If the sanctions prevent the bank where you are a client from transfering money and your payments of Finnish taxes, we suggest that you open an account in another bank.

An alternative solution is to pay your taxes in cash at the Tax Administration’s offices in Finland. You must use the euro currency when paying. Further information about the tax offices and other offices of the Tax Administration that accept cash.

Note: if we receive no payment from you, we must transfer your unpaid tax balances to the Enforcement Authority for collection. In other words, the Tax Administration does not interrupt the recovery measures or the accrual of late-payment interest because of the sanctions.  Later, when the sanctions no longer prevent you from paying, you must send your payment to the Enforcement Authority, following the instructions you receive from them.

For more information, visit the Enforcement Authority’s website.

If you have a payment arrangement in force, and we receive no payment of the instalments that have been agreed, the arrangement will lapse.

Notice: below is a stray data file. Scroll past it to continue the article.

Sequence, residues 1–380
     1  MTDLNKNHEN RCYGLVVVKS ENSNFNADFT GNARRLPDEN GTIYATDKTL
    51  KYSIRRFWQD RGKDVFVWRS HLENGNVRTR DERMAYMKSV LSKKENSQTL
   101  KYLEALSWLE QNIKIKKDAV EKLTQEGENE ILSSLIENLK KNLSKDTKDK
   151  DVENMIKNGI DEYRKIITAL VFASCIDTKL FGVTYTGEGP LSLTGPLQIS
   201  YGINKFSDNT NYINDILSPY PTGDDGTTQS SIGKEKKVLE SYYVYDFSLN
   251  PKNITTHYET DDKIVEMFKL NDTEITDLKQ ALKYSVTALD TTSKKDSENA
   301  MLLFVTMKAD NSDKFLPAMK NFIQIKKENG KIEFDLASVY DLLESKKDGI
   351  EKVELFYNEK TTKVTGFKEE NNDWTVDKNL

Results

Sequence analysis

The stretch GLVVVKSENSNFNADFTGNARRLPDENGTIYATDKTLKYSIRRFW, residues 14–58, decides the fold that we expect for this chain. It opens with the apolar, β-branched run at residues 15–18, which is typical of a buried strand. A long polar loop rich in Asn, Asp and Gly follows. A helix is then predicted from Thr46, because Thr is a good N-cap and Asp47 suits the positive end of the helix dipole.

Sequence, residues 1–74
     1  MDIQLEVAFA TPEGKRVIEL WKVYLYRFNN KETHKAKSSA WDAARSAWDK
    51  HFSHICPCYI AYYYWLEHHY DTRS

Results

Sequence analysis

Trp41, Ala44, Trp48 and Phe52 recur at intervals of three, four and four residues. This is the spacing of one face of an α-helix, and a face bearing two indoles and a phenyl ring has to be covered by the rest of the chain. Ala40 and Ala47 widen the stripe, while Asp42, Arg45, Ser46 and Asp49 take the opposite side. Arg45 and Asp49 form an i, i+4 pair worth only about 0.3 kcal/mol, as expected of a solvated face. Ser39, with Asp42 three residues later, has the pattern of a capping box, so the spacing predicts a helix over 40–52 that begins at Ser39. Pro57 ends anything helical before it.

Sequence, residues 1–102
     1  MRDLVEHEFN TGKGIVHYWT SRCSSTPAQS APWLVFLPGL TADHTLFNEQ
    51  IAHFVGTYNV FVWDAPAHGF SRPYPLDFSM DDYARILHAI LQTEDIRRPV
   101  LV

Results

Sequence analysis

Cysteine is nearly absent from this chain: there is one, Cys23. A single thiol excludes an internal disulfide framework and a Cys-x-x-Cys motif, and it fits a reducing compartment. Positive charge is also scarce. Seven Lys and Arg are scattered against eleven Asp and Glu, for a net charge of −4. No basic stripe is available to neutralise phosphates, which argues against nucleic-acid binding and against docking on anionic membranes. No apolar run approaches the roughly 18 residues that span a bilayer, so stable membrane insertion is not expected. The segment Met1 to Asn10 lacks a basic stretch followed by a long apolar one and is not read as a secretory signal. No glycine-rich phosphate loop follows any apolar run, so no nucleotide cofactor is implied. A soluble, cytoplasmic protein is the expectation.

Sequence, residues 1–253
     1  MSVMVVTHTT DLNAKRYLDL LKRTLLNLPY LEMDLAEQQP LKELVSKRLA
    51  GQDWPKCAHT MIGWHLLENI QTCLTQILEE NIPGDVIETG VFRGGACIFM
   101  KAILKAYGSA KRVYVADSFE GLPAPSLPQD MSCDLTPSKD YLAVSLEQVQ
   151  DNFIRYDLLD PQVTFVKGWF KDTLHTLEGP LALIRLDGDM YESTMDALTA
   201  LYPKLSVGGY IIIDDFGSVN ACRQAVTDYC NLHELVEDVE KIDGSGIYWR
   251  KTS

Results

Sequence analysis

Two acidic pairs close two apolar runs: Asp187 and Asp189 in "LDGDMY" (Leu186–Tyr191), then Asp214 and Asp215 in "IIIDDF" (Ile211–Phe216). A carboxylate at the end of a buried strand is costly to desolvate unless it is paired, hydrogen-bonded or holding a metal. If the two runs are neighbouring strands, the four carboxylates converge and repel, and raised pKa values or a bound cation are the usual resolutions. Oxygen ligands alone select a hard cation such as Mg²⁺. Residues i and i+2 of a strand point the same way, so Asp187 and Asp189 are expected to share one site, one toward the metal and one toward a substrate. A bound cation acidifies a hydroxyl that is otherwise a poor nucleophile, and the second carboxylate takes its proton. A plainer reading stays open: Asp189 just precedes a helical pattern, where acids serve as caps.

Normally, the Tax Administration pays the refund into the bank account that we have on file.

If we cannot send your tax refund to your Russian bank account,

  • The amount of the refund will come back to the Tax Administration’s bank account. In this case, you will not lose the refund. Instead, it is applied to any of your upcoming taxes that fall due, or it is sent to you again later, at a time when the sanctions no longer prevent us from sending it. In these circumstances, it is possible that you receive credit interest on the refund.
  • You can also open a new bank account in another bank and inform the Tax Administration of the account number. Then we will send the refund to that bank account.

For more information, see

  • How to request a tax card at the tax office when you have got a job, and you have been issued a decision on temporary protection or you have a document proving that you have requested temporary protection, and the matter is pending.